On Thursday, Harry Lovelock - Director Policy and Projects, will attend an NDIA National Mental Health Sector Reference Group meeting in Melbourne, and I will be attending the National Mental Health Consumer and Carer Forum face-to-face meeting in Adelaide.
United Synergies is a not for profit organisation established in 1989. Everything they do is dedicated to building better lives. United Synergies support people of all ages with:
• Child and family relationships
• Education support
• Mental health
• Support after suicide
United Synergies support people across Southern Queensland from their sites in Tewantin, Maroochydore, Toowoomba and Caboolture. They also provide support after suicide to individuals and communities across Australia.
Website - www.unitedsynergies.com.au Facebook - www.facebook.com/UnitedSynergies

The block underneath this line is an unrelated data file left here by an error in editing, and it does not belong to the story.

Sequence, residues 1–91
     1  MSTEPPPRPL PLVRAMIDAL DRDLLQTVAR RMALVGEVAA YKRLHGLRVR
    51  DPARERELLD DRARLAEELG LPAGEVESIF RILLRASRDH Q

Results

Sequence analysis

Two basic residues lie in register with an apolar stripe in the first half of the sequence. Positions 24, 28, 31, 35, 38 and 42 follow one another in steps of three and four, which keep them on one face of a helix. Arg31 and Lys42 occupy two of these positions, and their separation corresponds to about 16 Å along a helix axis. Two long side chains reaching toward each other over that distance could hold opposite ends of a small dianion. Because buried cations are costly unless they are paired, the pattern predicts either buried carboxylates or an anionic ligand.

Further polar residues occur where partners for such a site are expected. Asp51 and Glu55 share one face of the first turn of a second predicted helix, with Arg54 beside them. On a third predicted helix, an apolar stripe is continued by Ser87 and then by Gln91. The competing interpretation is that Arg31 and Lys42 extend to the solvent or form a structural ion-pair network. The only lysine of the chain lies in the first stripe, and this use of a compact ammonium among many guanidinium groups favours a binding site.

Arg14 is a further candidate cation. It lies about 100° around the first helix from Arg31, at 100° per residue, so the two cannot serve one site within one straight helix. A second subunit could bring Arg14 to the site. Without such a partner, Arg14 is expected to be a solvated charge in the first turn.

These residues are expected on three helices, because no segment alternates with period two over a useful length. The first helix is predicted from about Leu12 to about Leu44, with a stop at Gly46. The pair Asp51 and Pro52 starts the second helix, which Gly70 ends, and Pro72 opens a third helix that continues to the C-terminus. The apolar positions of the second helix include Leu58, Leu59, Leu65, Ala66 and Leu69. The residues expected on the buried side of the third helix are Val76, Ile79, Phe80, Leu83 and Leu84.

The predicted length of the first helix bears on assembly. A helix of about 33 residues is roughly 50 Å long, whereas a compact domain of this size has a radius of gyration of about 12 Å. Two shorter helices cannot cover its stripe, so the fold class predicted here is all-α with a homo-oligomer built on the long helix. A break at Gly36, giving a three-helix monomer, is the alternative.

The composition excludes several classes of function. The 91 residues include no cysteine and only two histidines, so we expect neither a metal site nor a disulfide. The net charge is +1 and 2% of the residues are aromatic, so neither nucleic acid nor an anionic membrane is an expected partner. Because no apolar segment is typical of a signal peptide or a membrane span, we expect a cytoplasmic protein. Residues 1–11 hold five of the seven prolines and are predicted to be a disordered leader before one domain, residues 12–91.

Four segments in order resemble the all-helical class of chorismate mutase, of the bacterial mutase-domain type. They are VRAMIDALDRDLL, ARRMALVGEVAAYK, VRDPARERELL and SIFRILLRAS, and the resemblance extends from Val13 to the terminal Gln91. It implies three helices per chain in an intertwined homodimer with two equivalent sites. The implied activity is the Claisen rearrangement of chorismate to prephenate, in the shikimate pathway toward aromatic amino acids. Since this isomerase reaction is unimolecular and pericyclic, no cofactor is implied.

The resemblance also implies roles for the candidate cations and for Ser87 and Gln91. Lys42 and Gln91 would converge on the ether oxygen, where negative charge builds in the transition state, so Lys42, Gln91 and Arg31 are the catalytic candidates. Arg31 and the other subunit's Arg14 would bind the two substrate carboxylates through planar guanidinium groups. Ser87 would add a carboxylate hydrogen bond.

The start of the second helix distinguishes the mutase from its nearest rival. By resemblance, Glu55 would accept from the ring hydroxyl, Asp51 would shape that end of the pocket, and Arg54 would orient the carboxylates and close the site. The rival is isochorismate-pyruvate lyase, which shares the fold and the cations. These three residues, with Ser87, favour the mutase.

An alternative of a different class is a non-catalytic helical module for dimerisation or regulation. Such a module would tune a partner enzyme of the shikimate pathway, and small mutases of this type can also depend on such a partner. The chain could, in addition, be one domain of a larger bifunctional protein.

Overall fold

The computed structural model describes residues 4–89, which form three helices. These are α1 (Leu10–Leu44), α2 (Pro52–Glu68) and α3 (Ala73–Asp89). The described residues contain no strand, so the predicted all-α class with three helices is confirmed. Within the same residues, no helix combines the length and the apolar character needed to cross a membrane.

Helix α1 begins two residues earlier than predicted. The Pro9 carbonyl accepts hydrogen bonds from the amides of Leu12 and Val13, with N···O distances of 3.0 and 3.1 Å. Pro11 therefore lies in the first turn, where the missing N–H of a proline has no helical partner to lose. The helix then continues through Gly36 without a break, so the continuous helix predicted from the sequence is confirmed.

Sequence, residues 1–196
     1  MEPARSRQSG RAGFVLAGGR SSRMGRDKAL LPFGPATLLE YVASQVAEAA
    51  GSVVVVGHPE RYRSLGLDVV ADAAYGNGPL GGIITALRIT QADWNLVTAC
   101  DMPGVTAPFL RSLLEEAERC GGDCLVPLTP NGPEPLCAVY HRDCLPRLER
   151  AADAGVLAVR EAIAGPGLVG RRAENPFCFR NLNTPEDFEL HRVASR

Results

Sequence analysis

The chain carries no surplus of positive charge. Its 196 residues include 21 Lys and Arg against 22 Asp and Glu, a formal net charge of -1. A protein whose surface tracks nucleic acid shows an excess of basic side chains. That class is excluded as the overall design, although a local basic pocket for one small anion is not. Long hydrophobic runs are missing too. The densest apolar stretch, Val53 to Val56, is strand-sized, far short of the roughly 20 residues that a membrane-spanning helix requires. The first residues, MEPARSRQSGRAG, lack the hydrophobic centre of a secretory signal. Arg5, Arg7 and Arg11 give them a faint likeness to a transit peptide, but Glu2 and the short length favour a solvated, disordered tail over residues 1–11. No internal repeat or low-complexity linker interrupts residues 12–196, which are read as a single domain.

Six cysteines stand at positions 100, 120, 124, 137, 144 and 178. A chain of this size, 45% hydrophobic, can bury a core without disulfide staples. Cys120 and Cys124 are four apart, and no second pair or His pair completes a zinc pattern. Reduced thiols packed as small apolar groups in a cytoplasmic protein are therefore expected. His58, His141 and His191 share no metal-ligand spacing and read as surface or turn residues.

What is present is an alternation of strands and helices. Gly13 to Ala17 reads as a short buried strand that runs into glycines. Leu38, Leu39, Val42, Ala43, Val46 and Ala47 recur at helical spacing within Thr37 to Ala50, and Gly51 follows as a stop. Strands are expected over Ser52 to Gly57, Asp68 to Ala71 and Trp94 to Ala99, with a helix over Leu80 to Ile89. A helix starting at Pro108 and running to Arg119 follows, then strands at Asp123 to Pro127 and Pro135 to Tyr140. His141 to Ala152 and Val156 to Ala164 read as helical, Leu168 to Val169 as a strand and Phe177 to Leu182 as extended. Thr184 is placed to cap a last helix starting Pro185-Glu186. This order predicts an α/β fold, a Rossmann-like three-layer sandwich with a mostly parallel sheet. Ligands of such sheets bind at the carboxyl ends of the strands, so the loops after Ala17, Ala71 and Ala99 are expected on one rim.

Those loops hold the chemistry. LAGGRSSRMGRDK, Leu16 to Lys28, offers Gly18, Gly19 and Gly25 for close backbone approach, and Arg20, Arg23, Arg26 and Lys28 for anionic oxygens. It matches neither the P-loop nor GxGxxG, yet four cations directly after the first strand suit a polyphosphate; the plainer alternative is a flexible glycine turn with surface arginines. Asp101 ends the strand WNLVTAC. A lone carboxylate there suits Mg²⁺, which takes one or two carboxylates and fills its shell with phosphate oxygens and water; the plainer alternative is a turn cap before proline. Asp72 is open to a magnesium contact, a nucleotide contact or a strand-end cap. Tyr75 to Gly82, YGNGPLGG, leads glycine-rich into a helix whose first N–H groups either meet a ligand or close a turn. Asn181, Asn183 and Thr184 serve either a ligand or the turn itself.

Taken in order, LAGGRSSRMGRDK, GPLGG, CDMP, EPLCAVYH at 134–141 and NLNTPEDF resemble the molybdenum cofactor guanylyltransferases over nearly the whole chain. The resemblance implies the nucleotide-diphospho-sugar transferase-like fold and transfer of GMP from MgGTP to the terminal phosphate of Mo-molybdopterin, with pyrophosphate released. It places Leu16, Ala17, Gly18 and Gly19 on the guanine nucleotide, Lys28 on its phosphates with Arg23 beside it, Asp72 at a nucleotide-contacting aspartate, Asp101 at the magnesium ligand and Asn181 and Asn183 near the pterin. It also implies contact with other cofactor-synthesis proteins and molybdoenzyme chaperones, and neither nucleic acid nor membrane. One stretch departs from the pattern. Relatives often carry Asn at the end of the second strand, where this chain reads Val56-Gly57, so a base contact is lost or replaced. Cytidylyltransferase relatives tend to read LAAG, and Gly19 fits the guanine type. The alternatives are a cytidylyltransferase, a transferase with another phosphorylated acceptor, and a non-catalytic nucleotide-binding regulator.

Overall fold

Black Swan Health was established in 2014 as an independent not-for-profit company limited by guarantee. Its primary focus is the provision of high quality primary and mental health services that achieve positive health outcomes for the community. Black Swan Health emerged from changes in the funding and service delivery model for primary health care and in 2015, acquired all direct service delivery programs previously provided by Panorama Health Network (formerly known as Perth North Metro Medicare Local, Osborne GP Network and Osborne Division of General Practice). In 2016 Black Swan Health also acquired One Healthy Community (formerly operating as Fremantle Medicare Local). Black Swan Health and its related entities has operated primarily in the health, community and mental health sectors since 1993, developing a considerable body of knowledge in the delivery and evaluation of programs and services. As a registered provider of disability services, Black Swan Health has also embedded the principles of person centred practice into its day to day service delivery and has well established outcome based reporting and measurement systems in place across all areas.